face, causing him to run with the contents of the box still chasing him.
The box breaks as it hits the steps and what do you know, sport...it's a
Mickey greets the kangaroo and then decides to get something from the
house. In the meantime, Pluto barks back, but hides when the engrossening
noise of the kangaroo responds to him. The kangaroo makes himself at home,
but in Pluto's new doghouse! It could not fit--no wonder this was a violation
of fire codes for the residence. Unfortunately, once the kangaroo got comfortable,
the back and top of the doghouse are already splintered to pieces.
Pluto's conscience is telling him that he is basically letting the kangaroo
get away with murder on his property! After the kangaroo licks Pluto's name
off the doghouse, that was it! As Pluto attacks, it takes one punch to knock
him backwards into a bunch of wooden clothespins. But as he attacks again,
it becomes a handicap match...there is a little kangaroo in the pouch that
Pluto did not see! Mickey comes out with a boxing glove so he could play
with the kangaroo, but notices the little one from the pouch, so he calls
Pluto over from the chicken coop he was hiding in. Mickey decides he would
play with the larger kangaroo and let Pluto play with the other one.
As Mickey walks with the kangaroo to the gym, the kangaroo hops and drags
Mickey along very quickly. At this point, Pluto's conscience is daring him
to be very evil to the younger kangaroo. He sneaks up on the kangaroo and
catches him drinking out of Pluto's bowl! The plan foils temporarily as
the kangaroo hiccupped, scaring Pluto off.
Back at the gym, Mickey decides to box with the dad kangaroo and gets
the early hand by teaching it some blows, but gets clocked later with a
Mike Tyson-like right hook, tying Mickey in the ropes. Mickey then gets
caught with several punching combinations by the kangaroo...even with his
tail! Don King would not like the outcome of that fight if he was not managing
Returning to the home front, Pluto and the little hopper continue to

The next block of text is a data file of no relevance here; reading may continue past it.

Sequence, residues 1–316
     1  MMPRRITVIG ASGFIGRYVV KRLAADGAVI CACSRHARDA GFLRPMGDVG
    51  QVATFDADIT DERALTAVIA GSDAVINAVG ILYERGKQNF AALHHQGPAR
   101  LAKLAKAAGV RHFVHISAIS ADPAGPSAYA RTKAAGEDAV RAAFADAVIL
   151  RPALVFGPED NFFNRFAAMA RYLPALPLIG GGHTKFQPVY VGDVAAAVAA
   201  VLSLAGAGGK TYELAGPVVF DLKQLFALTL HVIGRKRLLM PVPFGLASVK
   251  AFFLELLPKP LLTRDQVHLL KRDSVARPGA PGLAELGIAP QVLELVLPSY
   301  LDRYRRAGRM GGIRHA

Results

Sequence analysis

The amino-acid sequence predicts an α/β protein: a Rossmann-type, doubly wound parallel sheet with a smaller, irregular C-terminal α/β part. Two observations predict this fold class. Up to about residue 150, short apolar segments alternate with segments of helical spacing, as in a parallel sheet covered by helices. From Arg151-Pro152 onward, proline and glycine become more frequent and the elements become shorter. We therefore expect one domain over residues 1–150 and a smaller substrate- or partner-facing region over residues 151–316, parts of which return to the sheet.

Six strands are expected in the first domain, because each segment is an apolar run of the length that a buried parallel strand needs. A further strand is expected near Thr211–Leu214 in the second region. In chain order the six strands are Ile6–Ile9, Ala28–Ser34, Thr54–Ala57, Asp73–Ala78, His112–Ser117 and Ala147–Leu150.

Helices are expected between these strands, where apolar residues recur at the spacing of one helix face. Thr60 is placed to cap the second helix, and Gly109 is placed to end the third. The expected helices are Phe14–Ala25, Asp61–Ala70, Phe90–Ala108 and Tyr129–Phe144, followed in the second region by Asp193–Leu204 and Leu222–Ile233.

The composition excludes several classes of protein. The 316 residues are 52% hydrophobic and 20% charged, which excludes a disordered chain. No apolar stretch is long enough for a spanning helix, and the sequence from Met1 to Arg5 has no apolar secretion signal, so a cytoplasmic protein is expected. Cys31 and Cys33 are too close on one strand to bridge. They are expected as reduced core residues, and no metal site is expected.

battle over the bowl of food Pluto was supposed to eat, but the little kangaroo
uses his tail to send the bowl airborne and it breaks over Pluto's head!
The chase is on, but Pluto gets wet thanks to the kangaroo hopping on the
giant water pump. Pluto then gets a rough ride of a wheelbarrow (the wrong
way) and lands in a garbage dump. Little does he realize that he got two
paws stuck on a spring, and Pluto bounces up and down to the little kangaroo's
delight. They hop for a little bit before Pluto hops a little too high and
smashes head-first into the roof of a greenhouse. Pluto does not even realize
the little kangaroo loved him for what he did and stayed attached like Pluto
was the father by resting in a clothing pouch Pluto previously bounced straight
Later, the two of them watch the commotion coming from Mickey's gym as
all the animals evacuate the premises for the rough play the dad kangaroo
was doing. Mickey was getting extremely busy bouncing back and forth on
the punching bag that it eventually broke--and the momentum carried Mickey
into a hay-bailer. Scared, the kangaroos and Pluto run for higher ground.
The machine overworks once it spits out the bail of hay (with Mickey in
it) and breaks down. Mickey comes out of the bail, thinking that he is still
fighting the kangaroo...but he is not. The kangaroo is rocking on his tail
reading the sports section. As the film closes, the younger kangaroo, then
Pluto, emerge from the pouch and all three embrace.
Told you there was not much excitement to it...now can Outback Steakhouse
liven the Australian Rules Football events?